Sunday, November 19, 2017
By Larry Aubry
Published April 19, 2013

This column ran last year and received the New America Media Award for print journalism.  However, although affirming Black students’ home language is critical for developing their full potential, neither Black educators, other Black leadership nor LAUSD responded.  The purpose of repeating the column is to help push LAUSD and other local school districts to affirm and include the legitimacy of Black students’ home language in related  policy and programs.

The failure of public schools to properly educate Black students is indisputable yet they remain at the bottom of virtually every measure of effective schooling.  Sadly, Black parents and community are also silent on this critical issue.

Adding to the miseducation of Black students is the chasm between middle-class and poorer Blacks. The former have effectively abandoned the struggle for equity in public education. Middle class parents, like most others, seek alternatives in private and charter schools. However, their children’s exodus further weakens traditional public schools by leaving the push for educational excellence to those least sophisticated and able to challenge the education establishment. The caveat is middle-class participation is indispensable for holding the education establishment accountable; without the participation of all segments of the community, the downward spiral of Black students is likely to continue unabated.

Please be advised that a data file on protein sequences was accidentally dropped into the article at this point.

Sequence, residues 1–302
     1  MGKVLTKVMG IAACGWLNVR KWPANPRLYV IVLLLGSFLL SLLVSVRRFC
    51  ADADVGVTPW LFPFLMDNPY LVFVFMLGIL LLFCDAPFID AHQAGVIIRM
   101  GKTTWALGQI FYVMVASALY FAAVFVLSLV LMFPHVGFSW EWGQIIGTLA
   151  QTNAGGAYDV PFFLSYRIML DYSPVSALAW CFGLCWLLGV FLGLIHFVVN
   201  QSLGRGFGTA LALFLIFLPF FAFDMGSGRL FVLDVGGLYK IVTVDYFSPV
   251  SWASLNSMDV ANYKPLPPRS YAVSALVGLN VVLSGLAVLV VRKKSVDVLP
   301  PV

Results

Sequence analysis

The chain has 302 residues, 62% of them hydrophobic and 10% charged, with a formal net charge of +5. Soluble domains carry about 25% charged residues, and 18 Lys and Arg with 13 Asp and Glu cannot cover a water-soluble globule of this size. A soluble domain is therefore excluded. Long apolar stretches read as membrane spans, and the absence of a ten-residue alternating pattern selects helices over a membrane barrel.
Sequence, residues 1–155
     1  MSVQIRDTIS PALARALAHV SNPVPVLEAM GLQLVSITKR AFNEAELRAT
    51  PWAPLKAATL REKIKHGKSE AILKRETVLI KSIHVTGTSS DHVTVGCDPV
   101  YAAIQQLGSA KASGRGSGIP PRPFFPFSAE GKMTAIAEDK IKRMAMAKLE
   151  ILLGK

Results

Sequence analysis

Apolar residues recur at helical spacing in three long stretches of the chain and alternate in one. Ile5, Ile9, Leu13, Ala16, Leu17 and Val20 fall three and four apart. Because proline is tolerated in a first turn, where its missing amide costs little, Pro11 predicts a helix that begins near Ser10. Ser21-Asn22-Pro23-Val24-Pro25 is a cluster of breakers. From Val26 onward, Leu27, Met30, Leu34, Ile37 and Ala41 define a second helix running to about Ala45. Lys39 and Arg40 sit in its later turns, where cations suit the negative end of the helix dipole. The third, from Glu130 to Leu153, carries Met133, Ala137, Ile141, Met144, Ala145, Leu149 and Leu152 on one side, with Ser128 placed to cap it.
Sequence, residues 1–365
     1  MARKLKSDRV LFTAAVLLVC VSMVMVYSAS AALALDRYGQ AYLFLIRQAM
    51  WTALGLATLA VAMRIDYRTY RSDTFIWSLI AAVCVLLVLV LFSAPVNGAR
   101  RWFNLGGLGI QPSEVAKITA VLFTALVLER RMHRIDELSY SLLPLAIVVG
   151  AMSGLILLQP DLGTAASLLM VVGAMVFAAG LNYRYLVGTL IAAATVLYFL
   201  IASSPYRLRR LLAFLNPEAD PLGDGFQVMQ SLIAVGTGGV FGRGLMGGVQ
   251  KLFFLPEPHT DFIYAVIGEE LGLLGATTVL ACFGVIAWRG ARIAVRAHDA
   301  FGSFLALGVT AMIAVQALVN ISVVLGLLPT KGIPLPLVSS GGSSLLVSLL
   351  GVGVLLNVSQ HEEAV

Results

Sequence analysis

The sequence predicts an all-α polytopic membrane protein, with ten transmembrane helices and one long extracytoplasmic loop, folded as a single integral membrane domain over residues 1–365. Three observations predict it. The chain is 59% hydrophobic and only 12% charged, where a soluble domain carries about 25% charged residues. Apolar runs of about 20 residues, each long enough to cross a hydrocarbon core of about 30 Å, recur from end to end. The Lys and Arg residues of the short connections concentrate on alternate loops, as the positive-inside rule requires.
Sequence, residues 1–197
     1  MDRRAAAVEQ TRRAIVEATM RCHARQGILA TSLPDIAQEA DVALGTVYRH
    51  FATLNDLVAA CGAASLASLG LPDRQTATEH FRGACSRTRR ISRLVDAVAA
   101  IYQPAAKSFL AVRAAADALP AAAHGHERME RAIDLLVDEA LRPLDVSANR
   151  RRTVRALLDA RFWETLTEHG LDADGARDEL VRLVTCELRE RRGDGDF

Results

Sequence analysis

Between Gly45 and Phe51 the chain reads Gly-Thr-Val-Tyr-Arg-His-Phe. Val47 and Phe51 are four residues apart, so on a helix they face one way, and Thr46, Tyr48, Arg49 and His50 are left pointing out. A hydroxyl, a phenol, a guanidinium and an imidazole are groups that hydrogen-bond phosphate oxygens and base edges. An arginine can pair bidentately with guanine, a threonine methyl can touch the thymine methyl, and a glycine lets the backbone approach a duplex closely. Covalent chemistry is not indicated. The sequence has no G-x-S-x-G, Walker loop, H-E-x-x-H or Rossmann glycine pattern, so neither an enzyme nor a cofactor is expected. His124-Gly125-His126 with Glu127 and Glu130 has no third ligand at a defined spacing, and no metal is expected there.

Public schools have primary responsibility for educating students but it is parents,  community and Black leadership’s responsibility to hold school districts accountable for providing an equitable, quality education for their children. Collectively, we must insist that education reform consists of policies and practices that address the specific needs of Black students.

Blacks are extremely resilient but paradoxically, have internalized the white majority’s values without full access to its benefits.  For too many Blacks, challenging the education institution is tantamount to challenging themselves.  This dilemma is at the heart of Blacks’ continuing reticence to hold school district’s accountable.

Individual attainment, financial or otherwise, is laudable.  But Blacks tend not to distinguish between personal and group orientation; the former may work for individuals and at the same time, serve as a barrier to group progress.  Unfortunately, Black leaders also often reinforce rather than challenge barriers to Black progress. But the unity, crucial for forward progress necessitates minimally, establishing common ground, i.e., explicit agreement on goals, objectives and if at all possible, values first.  

As the foundation of culture and heritage, language acquisition is vitally important in reversing the miseducation of Black students.  Culture validates and affirms non-standard English and is central to resolving the debate over non-standard English language, aptly termed “unacceptable language” by Dr. Sharoky Hollie, author of “Culturally and Linguistically Responsive Teaching and Learning.”